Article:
A team of 40 researchers from the Massachusetts Institute of Technology and Cambridge University spent three years working on the wide, streamlined jet, which they plan to unveil in London on Monday.
http://www.mercurynews.com/mld/mercurynews/living/health/15939991.htm Leaders of a long-range research venture called the "Silent Aircraft Initiative" were scheduled Monday to release a conceptual design for a plane they say could cut through the air with practically no sound bothering those below, thanks to its unique shape and design features to limit engine noise.
Quote: The Cambridge-MIT Institute's 'Silent' Aircraft Initiative was launched in November 2003 with a bold aim: to discover ways to reduce aircraft noise dramatically, to the point where it would be virtually unnoticeable to people outside the airport perimeter.
RoseFlyer From United States of America, joined Feb 2004, 9591 posts, RR: 52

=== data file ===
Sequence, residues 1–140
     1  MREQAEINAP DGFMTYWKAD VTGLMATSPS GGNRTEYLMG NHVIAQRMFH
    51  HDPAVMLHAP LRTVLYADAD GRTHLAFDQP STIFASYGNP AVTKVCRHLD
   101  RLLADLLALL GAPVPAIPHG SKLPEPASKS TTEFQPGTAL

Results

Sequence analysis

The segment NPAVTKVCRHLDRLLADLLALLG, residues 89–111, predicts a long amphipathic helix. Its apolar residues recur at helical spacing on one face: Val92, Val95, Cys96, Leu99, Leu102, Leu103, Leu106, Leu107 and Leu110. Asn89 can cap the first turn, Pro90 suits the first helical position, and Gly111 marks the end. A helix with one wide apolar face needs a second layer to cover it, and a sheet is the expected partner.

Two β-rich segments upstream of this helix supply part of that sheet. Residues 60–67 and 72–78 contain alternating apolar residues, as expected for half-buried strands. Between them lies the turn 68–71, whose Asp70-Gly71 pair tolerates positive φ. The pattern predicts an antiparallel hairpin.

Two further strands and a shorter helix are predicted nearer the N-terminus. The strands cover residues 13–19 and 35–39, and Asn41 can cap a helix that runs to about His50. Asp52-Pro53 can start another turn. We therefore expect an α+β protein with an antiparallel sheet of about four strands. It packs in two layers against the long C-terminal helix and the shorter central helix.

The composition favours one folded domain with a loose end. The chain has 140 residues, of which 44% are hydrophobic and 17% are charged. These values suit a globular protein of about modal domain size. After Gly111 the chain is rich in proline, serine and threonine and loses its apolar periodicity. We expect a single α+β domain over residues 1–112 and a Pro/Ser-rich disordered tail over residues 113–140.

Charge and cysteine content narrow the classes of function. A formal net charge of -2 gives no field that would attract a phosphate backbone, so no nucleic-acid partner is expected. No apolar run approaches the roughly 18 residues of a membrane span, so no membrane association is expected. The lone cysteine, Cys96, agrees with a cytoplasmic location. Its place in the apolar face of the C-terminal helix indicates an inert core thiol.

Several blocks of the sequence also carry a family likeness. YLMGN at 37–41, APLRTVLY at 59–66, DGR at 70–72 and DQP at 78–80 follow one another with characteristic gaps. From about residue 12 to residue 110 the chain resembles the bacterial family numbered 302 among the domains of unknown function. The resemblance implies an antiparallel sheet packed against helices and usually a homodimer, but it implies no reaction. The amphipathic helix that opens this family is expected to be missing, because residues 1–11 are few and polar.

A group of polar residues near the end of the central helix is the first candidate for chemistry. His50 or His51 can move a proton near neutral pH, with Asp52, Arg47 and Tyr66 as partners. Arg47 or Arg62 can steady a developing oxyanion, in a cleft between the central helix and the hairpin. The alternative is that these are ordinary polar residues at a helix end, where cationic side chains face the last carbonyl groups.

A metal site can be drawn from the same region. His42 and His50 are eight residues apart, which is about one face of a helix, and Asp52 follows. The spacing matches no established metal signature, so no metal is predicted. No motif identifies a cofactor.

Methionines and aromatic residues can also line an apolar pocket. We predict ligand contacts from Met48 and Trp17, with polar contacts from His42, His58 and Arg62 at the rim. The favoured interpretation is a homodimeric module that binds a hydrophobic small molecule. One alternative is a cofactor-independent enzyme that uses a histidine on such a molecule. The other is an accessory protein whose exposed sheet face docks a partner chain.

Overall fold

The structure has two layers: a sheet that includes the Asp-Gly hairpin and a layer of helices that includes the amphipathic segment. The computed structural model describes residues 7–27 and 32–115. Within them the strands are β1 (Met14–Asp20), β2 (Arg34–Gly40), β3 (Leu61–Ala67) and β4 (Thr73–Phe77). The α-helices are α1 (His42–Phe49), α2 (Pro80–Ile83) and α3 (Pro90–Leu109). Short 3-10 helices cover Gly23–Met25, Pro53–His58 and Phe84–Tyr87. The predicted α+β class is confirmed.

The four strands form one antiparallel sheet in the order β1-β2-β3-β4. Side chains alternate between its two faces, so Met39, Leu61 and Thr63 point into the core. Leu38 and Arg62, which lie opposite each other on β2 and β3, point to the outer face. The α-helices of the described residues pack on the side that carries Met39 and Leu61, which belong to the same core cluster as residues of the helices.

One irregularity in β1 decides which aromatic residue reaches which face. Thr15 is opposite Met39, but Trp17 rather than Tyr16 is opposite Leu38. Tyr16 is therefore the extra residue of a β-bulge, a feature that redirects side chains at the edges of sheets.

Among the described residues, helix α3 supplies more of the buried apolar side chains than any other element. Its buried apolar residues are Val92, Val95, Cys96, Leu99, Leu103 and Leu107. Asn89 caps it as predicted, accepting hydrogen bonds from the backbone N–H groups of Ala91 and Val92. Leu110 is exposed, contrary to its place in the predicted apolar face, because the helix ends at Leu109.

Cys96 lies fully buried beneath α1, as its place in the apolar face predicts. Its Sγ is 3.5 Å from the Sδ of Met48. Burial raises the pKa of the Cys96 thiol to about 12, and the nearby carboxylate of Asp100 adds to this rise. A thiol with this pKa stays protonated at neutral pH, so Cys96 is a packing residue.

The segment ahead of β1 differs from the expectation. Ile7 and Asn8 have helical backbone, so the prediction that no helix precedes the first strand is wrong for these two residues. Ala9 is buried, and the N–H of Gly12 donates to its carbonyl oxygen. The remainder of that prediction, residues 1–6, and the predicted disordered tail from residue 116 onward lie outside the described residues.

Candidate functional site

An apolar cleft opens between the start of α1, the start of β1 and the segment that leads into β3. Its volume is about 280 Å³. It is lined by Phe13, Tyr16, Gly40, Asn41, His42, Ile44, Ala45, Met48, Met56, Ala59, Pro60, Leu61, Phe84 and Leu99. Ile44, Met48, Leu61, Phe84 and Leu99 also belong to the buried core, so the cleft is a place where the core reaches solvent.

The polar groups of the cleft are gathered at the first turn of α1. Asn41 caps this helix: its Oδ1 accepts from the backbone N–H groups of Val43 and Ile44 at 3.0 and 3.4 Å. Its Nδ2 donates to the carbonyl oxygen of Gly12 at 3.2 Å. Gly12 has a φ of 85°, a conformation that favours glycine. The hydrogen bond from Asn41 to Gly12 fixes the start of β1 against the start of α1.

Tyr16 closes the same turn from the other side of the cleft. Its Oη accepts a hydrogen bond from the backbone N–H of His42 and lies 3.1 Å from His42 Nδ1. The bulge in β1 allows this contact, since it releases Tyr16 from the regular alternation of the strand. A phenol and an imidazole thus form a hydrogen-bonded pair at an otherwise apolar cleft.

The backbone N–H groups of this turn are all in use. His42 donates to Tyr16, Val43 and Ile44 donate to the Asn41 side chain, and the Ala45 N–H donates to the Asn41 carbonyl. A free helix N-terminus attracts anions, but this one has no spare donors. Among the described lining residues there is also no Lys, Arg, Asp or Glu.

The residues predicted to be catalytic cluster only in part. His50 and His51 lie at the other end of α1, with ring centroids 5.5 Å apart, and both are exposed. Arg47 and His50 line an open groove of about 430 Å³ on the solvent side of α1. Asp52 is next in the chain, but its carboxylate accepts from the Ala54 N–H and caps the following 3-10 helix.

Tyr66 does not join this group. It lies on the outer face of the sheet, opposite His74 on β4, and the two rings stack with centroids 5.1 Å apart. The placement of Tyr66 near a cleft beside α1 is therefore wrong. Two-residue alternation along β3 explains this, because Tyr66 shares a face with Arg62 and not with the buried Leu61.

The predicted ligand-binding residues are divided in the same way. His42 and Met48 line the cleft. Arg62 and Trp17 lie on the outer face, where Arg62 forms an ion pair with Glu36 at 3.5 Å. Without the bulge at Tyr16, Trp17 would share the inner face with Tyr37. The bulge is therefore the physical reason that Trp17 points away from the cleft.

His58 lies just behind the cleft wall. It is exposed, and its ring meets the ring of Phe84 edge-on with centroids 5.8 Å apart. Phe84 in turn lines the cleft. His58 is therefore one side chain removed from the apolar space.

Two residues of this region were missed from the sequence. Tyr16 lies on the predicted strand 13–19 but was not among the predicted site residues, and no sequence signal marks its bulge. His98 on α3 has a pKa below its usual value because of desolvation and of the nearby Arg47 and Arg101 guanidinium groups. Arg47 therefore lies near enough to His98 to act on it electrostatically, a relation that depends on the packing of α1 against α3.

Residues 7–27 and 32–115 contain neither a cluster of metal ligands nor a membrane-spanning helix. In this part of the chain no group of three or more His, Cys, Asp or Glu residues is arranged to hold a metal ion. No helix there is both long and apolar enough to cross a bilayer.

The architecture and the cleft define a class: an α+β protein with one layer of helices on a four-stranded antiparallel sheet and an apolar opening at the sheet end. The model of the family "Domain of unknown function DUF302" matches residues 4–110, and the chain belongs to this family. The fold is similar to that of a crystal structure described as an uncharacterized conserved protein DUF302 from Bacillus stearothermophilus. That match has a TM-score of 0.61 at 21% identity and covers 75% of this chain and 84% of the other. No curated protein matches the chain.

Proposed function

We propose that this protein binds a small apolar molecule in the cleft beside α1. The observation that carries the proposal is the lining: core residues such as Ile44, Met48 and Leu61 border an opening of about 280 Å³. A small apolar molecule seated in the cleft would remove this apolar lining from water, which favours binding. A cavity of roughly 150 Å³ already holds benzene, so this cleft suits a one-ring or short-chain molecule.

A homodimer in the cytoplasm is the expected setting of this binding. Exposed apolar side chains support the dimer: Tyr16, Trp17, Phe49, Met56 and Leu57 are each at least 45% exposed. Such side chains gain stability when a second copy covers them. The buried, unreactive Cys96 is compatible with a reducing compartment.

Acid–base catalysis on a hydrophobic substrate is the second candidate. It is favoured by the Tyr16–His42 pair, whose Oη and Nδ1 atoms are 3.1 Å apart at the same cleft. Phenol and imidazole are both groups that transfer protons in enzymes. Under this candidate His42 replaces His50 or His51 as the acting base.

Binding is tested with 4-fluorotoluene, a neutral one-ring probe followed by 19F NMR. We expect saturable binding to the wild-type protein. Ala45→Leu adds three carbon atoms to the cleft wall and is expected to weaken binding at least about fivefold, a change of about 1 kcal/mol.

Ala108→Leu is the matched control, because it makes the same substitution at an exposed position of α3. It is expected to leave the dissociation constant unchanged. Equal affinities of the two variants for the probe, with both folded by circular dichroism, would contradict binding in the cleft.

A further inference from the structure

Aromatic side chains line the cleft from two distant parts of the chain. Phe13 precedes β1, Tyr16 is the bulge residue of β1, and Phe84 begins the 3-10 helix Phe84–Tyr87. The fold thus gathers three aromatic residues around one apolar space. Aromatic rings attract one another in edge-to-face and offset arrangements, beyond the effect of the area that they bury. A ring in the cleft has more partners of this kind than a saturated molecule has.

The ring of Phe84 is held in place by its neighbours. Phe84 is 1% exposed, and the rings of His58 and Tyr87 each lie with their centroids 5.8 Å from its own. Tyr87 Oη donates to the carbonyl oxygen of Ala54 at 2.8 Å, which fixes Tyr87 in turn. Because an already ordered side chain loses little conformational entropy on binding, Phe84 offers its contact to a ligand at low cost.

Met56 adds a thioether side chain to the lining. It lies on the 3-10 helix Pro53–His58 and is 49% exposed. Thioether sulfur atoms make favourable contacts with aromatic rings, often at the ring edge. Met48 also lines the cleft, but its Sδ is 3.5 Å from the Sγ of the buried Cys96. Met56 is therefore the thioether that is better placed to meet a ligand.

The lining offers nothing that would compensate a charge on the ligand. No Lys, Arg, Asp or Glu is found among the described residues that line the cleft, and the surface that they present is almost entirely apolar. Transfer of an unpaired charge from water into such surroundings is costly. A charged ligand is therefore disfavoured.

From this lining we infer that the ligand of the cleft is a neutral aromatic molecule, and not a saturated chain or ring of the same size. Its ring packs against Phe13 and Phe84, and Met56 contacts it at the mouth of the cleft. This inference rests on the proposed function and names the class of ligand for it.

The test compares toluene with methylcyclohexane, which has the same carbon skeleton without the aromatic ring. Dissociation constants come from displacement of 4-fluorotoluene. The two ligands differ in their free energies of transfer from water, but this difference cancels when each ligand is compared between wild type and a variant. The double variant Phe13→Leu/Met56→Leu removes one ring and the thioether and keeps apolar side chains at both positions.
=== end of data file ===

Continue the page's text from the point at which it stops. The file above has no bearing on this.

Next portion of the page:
Reply 3, posted (7 years 9 months 2 weeks 5 days 8 hours ago) and read 2368 times:
I saw this article on CNBC. They played a part on it. They weren't quite logical though since they showed off how much noise flaps make and how much noise can be eliminated by not having flaps. Somehow they forgot about the engines when they described the plane. But I think that is just how CNBC showed it. The engines are on top and that plane looks a lot like the B2, which if you've seen it in person, you know that it is completely silent until after it has pased you.
If you have never designed an airplane part before, let the real designers do the work!